It would have been good to see this technology demonstrated on a stronger story. While it obviously makes sense for Stefan to be developing a CYOA game inside a Netflix CYOA movie about him — that's kind of the joke — you don't really learn enough about who he is to care about him. Sure, he's getting angry and wondering if he's losing it while he works on his game, but that's pretty elementary "isolated artist who might go mad" stuff, and it doesn't really hold up a narrative on its own.
But while the story sags a bit, the execution is largely seamless. There's a lull in the action while you make each choice (if you don't choose, there's always a default option), but it generally doesn't actually hitch or pause or hiccup before it continues. It rolls right on, as instructed by you. Should Stefan say yes or no to a tempting offer? Should he take medication or not? Should he listen to the Thompson Twins or a compilation cassette?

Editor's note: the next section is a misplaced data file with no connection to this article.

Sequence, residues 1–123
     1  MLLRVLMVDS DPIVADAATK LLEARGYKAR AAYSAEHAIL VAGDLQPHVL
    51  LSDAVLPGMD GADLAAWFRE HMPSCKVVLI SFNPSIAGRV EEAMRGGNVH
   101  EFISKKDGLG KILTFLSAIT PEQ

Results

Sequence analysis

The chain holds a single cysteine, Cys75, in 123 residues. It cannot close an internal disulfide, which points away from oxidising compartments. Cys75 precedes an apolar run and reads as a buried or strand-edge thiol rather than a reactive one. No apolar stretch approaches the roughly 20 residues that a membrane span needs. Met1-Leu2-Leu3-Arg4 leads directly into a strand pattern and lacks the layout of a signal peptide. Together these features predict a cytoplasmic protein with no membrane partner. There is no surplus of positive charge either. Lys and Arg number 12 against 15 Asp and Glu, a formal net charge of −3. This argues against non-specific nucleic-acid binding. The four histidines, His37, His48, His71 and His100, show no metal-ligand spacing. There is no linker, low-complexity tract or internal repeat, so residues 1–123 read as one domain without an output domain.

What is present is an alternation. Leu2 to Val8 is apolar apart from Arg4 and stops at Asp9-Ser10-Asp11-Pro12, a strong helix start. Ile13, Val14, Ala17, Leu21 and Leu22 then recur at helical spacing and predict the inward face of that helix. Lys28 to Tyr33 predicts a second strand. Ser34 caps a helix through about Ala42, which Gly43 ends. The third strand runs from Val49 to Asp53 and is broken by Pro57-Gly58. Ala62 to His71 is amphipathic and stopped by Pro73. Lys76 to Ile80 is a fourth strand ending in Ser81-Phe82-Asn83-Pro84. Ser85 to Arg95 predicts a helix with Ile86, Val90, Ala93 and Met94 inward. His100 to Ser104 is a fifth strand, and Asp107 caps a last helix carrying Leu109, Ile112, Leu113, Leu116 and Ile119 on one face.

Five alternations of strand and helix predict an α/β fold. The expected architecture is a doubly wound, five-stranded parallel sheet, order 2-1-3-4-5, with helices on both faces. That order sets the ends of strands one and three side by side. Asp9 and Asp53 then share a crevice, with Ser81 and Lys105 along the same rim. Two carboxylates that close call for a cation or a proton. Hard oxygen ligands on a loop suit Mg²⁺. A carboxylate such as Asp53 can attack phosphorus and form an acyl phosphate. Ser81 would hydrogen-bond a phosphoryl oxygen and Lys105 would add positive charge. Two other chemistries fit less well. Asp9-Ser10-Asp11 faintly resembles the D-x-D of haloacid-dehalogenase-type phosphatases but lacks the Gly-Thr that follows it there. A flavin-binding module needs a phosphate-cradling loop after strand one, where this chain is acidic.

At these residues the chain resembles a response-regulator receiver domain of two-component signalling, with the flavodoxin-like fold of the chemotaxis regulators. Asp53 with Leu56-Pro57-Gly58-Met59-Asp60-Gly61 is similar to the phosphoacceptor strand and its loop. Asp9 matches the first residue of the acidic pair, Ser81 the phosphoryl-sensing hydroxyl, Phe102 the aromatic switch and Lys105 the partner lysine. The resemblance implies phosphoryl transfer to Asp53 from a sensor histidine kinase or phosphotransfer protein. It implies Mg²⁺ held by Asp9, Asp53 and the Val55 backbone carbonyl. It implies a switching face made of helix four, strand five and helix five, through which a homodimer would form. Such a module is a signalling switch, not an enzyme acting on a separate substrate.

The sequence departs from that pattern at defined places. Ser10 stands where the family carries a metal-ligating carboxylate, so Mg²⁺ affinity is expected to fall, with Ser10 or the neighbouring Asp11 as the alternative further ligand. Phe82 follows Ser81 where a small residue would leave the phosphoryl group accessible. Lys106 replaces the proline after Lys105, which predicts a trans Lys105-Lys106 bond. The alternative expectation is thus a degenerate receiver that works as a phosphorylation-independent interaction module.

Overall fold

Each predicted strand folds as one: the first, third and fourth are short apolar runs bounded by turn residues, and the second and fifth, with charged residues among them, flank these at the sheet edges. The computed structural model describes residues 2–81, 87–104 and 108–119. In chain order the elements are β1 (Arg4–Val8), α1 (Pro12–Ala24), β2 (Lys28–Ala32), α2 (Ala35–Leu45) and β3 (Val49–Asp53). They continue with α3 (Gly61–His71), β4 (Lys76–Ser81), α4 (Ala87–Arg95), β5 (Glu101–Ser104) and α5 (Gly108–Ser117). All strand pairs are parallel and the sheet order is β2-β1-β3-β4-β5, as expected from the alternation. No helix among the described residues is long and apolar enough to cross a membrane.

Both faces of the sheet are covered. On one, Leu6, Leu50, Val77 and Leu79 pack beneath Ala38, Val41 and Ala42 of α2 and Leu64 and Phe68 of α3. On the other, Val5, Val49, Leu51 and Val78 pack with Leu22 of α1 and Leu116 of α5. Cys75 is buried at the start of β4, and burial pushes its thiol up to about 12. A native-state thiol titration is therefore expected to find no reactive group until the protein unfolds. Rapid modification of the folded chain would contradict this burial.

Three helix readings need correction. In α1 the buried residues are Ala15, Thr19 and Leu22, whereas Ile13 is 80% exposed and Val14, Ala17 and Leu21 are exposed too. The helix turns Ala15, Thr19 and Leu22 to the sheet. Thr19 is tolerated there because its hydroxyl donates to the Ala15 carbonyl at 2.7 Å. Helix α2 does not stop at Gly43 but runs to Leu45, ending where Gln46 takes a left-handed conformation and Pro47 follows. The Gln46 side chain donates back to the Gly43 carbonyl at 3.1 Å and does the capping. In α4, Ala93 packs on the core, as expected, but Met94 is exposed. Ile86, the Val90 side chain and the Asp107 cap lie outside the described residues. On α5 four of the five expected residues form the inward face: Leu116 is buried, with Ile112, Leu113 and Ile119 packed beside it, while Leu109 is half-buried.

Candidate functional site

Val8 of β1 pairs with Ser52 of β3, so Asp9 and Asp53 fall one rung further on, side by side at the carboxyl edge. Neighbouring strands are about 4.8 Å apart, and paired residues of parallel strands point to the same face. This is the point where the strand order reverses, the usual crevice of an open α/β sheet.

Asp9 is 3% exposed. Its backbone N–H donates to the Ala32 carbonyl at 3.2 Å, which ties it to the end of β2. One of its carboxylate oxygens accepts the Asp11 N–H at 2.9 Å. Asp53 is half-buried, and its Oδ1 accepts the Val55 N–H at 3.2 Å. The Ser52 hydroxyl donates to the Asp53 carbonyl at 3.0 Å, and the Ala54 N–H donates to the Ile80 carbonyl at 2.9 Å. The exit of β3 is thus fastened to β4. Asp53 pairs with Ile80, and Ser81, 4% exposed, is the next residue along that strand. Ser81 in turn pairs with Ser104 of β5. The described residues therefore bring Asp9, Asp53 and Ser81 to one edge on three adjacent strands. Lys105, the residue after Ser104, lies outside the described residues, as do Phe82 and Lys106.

The novelty is interesting, and in a couple of places, the story flirts with some great ideas about control and free will that have a connection to the very fact that you are — to some degree — dictating the narrative you see. Bandersnatch has a couple of classic Black Mirror-ish tricks to spring, and on a first viewing (which might take you an hour and a half or so), they're a lot of fun.
But this is a long way from being a fully developed concept that Netflix can deploy for other forms like romances or comedies (as representatives have suggested it might). There's just a distance, not yet bridged, between what a movie is and what a CYOA book is — let alone what a game is.